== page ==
Do not change the dose yourself, without your doctor's advice, regardless of how well
you may feel.
Ask your doctor or pharmacist if you are unsure of the correct dose for you.
They will tell you exactly how much to take.
For people whose immune system does not work as well as it should, the dose and duration
of treatment may need to be increased.
For people who have kidney problems, your doctor may decide to give you a lower dose.
When to take it
There are different ways to take EZOVIR depending on your condition.
1. TO TREAT AN OUTBREAK OF GENITAL HERPES
To treat an outbreak, take the tablets as soon as possible after the first symptoms
of genital herpes appear.
The tablets are best taken within 6 hours of the first symptoms of genital herpes
There are three ways to take EZOVIR to treat an outbreak of genital herpes and your
doctor will tell you which regimen is best for you:
Two 500 mg EZOVIR tablets twice daily for one day
Two 250 mg EZOVIR tablets to start with, followed by one 250 mg tablet every 12 hours
for the next 3 doses
One 125 mg EZOVIR tablet every 12 hours for 5 days
Take the second dose (and subsequent doses, if applicable) 12 hours after the first
dose, or as close as possible to 12 hours during waking hours.
If you take the first dose in the late morning or early afternoon, you can take the
next dose before going to bed, but do not take any doses less than 6 hours apart.
During normal waking hours, take any remaining doses at 12 hourly intervals.
Your doctor may have prescribed a different dose.
2. TO SUPPRESS (PREVENT) OUTBREAKS OF RECURRENT GENITAL HERPES
Start suppressive treatment to prevent outbreaks of recurrent genital herpes as soon
as possible after you have your EZOVIR prescription filled.
Take one 250 mg EZOVIR tablet twice each day.
Continue to take one 250 mg EZOVIR tablet twice each day for as long as your doctor
tells you to. Do this even if you do not have an outbreak.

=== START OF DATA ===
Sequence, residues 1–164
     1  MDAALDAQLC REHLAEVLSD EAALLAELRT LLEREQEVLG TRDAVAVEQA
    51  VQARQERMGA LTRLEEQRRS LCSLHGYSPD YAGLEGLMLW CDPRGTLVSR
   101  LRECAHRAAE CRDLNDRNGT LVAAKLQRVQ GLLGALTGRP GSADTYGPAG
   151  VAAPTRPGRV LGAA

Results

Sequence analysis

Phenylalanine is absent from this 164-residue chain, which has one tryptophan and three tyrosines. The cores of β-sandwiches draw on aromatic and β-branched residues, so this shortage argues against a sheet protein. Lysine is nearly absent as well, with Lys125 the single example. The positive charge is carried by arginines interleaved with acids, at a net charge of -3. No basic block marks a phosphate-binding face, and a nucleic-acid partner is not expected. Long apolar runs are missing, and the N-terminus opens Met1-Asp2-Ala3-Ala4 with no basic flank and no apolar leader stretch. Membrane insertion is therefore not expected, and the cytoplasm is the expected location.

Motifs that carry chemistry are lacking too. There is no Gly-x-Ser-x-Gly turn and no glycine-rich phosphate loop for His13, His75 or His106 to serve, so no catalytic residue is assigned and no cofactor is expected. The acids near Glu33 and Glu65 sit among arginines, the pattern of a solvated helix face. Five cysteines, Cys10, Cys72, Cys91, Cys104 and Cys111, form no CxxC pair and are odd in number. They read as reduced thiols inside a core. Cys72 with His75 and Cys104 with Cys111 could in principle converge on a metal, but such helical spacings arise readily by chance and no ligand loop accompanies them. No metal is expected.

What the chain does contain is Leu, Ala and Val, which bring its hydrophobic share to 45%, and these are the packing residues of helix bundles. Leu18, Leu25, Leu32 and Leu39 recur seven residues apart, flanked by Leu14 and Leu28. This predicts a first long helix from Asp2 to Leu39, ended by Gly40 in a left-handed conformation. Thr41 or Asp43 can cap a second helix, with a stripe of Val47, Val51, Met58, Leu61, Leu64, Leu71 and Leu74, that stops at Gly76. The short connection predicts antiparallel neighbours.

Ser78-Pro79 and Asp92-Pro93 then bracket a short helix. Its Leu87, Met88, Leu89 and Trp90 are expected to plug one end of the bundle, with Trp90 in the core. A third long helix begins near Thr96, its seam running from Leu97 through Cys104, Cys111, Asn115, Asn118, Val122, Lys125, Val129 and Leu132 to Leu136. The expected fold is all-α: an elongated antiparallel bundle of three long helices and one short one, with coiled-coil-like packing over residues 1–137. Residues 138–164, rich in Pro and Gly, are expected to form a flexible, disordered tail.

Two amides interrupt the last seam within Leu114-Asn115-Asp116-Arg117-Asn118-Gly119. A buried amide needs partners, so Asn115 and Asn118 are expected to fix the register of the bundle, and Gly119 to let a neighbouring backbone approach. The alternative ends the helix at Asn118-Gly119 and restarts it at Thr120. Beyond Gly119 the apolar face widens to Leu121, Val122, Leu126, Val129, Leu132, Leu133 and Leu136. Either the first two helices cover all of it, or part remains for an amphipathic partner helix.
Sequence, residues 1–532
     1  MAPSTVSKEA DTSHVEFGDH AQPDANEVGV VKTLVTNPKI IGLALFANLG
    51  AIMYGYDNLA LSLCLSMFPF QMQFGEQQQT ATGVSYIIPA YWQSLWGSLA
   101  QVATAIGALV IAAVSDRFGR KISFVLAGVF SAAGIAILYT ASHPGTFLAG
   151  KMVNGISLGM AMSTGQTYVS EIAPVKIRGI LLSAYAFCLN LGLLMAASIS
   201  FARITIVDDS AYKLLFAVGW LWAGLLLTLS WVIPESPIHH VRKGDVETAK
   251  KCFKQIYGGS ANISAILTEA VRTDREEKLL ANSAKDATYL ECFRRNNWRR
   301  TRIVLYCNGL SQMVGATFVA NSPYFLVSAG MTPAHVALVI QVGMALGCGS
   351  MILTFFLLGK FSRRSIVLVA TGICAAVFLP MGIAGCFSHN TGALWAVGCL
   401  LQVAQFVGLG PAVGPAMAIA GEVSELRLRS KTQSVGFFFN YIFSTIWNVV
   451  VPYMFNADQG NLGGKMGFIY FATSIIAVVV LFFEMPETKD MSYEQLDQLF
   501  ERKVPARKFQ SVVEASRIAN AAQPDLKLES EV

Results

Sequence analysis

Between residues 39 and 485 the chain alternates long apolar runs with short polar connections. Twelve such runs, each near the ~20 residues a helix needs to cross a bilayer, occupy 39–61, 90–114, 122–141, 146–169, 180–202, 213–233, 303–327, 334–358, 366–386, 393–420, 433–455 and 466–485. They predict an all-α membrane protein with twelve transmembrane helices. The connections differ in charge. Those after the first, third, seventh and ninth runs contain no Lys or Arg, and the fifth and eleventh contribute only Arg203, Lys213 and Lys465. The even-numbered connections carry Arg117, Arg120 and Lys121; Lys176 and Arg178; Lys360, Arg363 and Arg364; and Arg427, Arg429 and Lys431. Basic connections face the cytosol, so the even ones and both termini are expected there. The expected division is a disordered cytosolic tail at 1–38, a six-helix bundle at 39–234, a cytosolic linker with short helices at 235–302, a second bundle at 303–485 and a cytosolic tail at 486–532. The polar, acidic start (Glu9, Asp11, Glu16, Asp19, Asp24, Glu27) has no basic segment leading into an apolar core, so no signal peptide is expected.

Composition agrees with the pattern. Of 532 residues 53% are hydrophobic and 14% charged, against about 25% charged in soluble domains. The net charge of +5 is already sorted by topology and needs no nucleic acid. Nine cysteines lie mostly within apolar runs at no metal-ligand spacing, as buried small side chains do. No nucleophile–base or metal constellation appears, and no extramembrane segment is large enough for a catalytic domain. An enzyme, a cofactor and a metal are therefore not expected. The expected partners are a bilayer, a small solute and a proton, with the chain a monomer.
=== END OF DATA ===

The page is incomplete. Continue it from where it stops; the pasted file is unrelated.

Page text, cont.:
This medicine helps to control your condition but does not cure it. Your doctor will
tell you when you can stop.
Fill your next repeat prescription before using all of the tablets in your current
This will ensure that your treatment can be continued and give you the best results.
Try to take the tablets at about the same times each day, as directed by your doctor
Taking your tablet at the same times each day will have the best effect. It will also
help you remember when to take the tablets.
How long to take it
Continue taking EZOVIR every day for as long as your doctor tells you.
To help clear up your infection, you must keep taking this medicine, even if your
symptoms begin to clear up after a few days.
To prevent recurrent episodes of genital herpes, you must take the tablets each day,
even if you have no symptoms.
It is important to keep taking your medicine even if you feel well.
If you forget to take it
Take a dose as soon as you remember. Take your next tablet at the usual time, and
then go back to taking it as you would normally.
Do not take two doses within a time frame of less than one hour. In that case, skip
the missed dose.
Do not take a double dose to make up for the one that you missed.
This may increase the chance of you getting an unwanted side effect.
If you have trouble remembering when to take your medicine, ask your pharmacist for
If you take too much (overdose)
Immediately telephone your doctor or the Poisons Information Centre (telephone number
13 11 26), or go to Accident and Emergency at your nearest hospital if you think that
you or anyone else may have taken too much EZOVIR. Show them your pack of tablets.
Do this even if there are no signs of discomfort or poisoning. Keep the telephone
numbers for these places handy.
Taking too much EZOVIR may affect the kidneys. In people who already have kidney problems
it may, rarely, lead to kidney failure if their dose is not correctly lowered.
While you are taking EZOVIR
Things you must do
If you become pregnant while taking EZOVIR, tell your doctor.
Your doctor can discuss with you the risks of taking it while you are pregnant.
If you are about to be started on any new medicine, remind your doctor and pharmacist
that you are taking EZOVIR.
Tell any other doctor, dentist or pharmacist who treats you that you are taking EZOVIR.
Things you must not do
Do not give this medicine to anyone else even if their condition seems to be the same
Do not use it to treat any other complaints unless your doctor tells you to.
Do not stop taking your tablets or change the dosage without checking with your doctor
If you stop your tablets suddenly, your condition may worsen or you may have unwanted
Things to be careful of
If you are pregnant or breast- feeding, ask your doctor or pharmacist for advice before
taking any medicine.